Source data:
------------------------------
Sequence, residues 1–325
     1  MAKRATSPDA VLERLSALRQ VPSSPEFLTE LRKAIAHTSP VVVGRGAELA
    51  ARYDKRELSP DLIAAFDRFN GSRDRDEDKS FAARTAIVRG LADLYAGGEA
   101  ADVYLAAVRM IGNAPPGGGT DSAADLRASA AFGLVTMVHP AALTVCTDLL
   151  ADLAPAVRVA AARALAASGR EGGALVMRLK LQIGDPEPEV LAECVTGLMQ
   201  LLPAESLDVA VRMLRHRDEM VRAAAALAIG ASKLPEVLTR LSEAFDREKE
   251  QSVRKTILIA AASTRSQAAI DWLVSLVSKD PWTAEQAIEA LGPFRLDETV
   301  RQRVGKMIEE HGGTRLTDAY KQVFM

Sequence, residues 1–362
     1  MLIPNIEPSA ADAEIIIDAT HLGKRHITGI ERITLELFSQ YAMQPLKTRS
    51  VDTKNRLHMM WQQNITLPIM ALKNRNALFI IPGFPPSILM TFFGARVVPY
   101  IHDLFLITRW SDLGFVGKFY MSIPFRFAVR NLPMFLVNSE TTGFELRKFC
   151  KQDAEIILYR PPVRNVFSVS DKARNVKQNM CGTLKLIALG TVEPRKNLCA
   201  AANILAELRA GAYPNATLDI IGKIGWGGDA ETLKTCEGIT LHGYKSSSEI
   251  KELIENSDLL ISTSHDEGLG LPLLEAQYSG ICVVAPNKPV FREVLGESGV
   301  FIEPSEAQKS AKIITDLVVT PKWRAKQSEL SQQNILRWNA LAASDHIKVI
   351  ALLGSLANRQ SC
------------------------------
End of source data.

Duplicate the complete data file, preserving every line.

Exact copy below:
Sequence, residues 1–325
     1  MAKRATSPDA VLERLSALRQ VPSSPEFLTE LRKAIAHTSP VVVGRGAELA
    51  ARYDKRELSP DLIAAFDRFN GSRDRDEDKS FAARTAIVRG LADLYAGGEA
   101  ADVYLAAVRM IGNAPPGGGT DSAADLRASA AFGLVTMVHP AALTVCTDLL
   151  ADLAPAVRVA AARALAASGR EGGALVMRLK LQIGDPEPEV LAECVTGLMQ
   201  LLPAESLDVA VRMLRHRDEM VRAAAALAIG ASKLPEVLTR LSEAFDREKE
   251  QSVRKTILIA AASTRSQAAI DWLVSLVSKD PWTAEQAIEA LGPFRLDETV
   301  RQRVGKMIEE HGGTRLTDAY KQVFM

Sequence, residues 1–362
     1  MLIPNIEPSA ADAEIIIDAT HLGKRHITGI ERITLELFSQ YAMQPLKTRS
    51  VDTKNRLHMM WQQNITLPIM ALKNRNALFI IPGFPPSILM TFFGARVVPY
   101  IHDLFLITRW SDLGFVGKFY MSIPFRFAVR NLPMFLVNSE TTGFELRKFC
   151  KQDAEIILYR PPVRNVFSVS DKARNVKQNM CGTLKLIALG TVEPRKNLCA
   201  AANILAELRA GAYPNATLDI IGKIGWGGDA ETLKTCEGIT LHGYKSSSEI
   251  KELIENSDLL ISTSHDEGLG LPLLEAQYSG ICVVAPNKPV FREVLGESGV
   301  FIEPSEAQKS AKIITDLVVT PKWRAKQSEL SQQNILRWNA LAASDHIKVI
   351  ALLGSLANRQ SC